Canadiens must believe theyre better than Lightning to rally in Final


Justin Williams said he knows exactly what the Montreal Canadiens are feeling and thinking as they stare down the toughest hurdle in hockey, trying to come back from down 3-0 in a best-of-7 series.

The former NHL forward also knows what it’s like to overcome it, having been part of the Los Angeles Kings’ comeback from being on the brink of a sweep against the San Jose Sharks in the 2014 Western Conference First Round.

“Montreal has to believe that they’re better than Tampa Bay,” Williams said in a phone interview Sunday. “Are they and do they believe it are the questions they need to ask themselves. You have to believe that you’re the better team and that times can change.” 

The 2014 Kings were the fourth NHL team to win a best-of-7 series after losing the first three games. The Canadiens will try to become the fifth beginning with Game 4 of the Stanley Cup Final against the Tampa Bay Lightning on Monday (8 p.m. ET; NBC, CBC, SN, TVAS). 

The Lightning won the first three games by a combined 14-5. They have not trailed in the series.

Video: Johnson, Kucherov power Lightning to 6-3 Game 3 win

This is the 200th time a team has taken a 3-0 lead in an NHL best-of-7 series. The 1942 Toronto Maple Leafs, the 1975 New York Islanders, the 2010 Philadelphia Flyers and the 2014 Kings are the teams that have successfully made the comeback.

The Maple Leafs did it in the Stanley Cup Final. Twenty-six others have failed.

“I mean, listen, in hockey and especially in a series it’s usually momentum and not one team usually has it the whole time,” Williams said. “You have to answer the bell so many times in a playoff series and Montreal is just going to have to do it in four straight games. But they have to start with one. It comes down to that same thing, there’s nothing really more you can say about it, do you believe you can do it? They’ve turned a lot of heads, obviously. They’re here. They’ve done the prove you wrong, underdog mentality, all that stuff that teams thrive under. But they’ve run into an absolute wagon here in Tampa Bay. It’s not over, though.”

Winning Game 4 like the 2014 Kings did 6-3 at Staples Center fueled the belief, Williams said. Canadiens forward Tyler Toffoli was a rookie on that team.

“You get that one win, you make yourself feel a little looser,” he said.

Brian Boucher remembers doing the same for the Flyers against the Boston Bruins in the 2010 Eastern Conference Semifinals.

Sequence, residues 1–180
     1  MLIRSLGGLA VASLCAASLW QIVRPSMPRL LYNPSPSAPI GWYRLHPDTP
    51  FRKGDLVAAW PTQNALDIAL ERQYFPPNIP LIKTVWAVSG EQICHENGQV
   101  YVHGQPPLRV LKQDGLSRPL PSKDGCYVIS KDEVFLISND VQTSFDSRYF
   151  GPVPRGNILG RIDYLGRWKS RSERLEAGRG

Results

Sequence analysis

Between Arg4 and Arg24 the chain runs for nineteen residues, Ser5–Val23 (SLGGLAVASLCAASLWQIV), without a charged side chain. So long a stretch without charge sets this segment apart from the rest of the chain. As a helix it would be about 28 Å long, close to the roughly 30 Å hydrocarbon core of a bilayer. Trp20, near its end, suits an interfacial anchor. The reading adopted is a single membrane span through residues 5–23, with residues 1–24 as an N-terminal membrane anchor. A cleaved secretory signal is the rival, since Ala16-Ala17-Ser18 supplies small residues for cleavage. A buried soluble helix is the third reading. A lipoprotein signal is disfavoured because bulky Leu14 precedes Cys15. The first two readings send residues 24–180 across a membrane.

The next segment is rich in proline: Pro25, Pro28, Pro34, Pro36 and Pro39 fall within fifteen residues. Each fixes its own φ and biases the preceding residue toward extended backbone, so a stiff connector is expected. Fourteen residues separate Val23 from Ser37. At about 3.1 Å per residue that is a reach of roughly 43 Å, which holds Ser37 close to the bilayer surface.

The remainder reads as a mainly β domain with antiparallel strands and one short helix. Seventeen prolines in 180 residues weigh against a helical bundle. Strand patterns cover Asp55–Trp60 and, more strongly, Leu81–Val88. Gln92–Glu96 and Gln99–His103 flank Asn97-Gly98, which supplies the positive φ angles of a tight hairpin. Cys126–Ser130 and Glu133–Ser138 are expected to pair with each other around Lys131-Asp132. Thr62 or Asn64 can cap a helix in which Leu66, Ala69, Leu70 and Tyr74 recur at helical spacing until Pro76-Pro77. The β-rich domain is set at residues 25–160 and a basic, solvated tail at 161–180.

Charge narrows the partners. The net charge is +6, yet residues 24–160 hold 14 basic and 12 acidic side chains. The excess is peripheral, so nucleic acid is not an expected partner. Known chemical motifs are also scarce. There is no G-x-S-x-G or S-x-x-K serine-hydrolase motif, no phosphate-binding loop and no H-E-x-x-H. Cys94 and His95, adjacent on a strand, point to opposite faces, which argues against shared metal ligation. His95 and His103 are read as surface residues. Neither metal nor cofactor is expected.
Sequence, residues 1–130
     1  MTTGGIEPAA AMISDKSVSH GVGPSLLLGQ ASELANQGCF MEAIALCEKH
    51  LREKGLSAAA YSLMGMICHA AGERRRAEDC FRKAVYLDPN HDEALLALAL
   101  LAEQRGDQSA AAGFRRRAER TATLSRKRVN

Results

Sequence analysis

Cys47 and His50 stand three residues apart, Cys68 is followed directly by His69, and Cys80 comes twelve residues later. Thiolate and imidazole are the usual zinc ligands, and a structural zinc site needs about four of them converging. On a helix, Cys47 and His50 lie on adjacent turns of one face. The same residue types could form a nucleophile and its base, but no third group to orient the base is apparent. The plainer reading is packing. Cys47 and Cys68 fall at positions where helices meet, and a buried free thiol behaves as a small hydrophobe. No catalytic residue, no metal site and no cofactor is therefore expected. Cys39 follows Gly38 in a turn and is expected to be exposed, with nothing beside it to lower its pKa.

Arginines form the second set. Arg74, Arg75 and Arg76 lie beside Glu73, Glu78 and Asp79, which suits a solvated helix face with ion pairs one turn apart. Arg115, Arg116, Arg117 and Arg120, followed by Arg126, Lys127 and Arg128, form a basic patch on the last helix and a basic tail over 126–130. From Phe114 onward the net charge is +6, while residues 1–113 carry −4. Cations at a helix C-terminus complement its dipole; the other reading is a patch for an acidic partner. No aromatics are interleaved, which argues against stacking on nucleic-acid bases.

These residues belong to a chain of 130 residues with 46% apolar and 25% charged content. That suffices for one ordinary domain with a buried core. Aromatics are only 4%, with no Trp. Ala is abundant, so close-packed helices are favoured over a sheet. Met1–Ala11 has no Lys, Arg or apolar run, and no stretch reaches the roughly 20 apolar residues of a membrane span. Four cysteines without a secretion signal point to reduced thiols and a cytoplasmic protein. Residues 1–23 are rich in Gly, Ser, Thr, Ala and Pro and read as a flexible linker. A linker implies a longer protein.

The Flyers were down 3-0, but forward Simon Gagne scored in overtime of Game 4 to give them a 5-4 win at home. Boucher, then the Flyers goalie, said they went to Boston for Game 5 feeling something special could be brewing because not only did they get a win, the Bruins were playing without center David Krejci, who was injured in Game 3.

“I wouldn’t say there was a wave of momentum coming but we felt like there’s something here,” Boucher said. “Anybody would say that when you look back on it and you come back and win four straight, but I do think we felt that we finally got a break and Krejci being injured was another break, so there was something to build on.”

Boucher, now an analyst broadcasting the Cup Final for NBC, injured his knee in the second period of Game 5 and had to be replaced by Michael Leighton.

“But when I played, we were rock solid, in control of the game,” he said. “We played a real solid Game 5 and now it was a series and now the pressure was right on Boston, absolutely right on Boston. That’s how it goes. You start to plant that seed of doubt.”

That’s what the Canadiens hope to do Monday, but their task is even more daunting than just being in such a hole in the Cup Final. 

They have to win four straight games against the Lightning, a team that hasn’t lost two in a row in seven consecutive playoff series. The Flyers in 2010 and the Kings in 2014 also were not facing the defending Stanley Cup champions like the Canadiens are now.

But Williams said players don’t think about it that way.

“They don’t need to see the stats to know that it’s a big task,” he said. “It’s hard, but when you’re in the moment it doesn’t seem that insurmountable. It doesn’t make sense.”

It doesn’t usually work out either. 

Williams was also part of the Carolina Hurricanes in 2019, when they were swept by the Bruins in the Eastern Conference Final after sweeping the Islanders in the second round. He said the Hurricanes probably had some doubt against the Bruins going into Game 4.

He was also on the Kings in 2012 when they had a 3-0 lead in all four rounds. They swept one, won in five in two and won the Stanley Cup in six games against the New Jersey Devils. 

“Tampa has that feeling right now of, ‘Wow, we put ourselves in an unbelievable position, let’s not screw it up now,'” Williams said.

It’s human nature for the Canadiens to be feeling some doubt with the way the series has gone so far but win Game 4 and who knows.

Maybe it’s all they need. Maybe it just delays the inevitable.

“The Lightning won the Stanley Cup and they’ve got a heck of a pedigree and a heck of a team, so do I think they’re going to collapse?” Williams said. “No, but you’ve got to play the games.”

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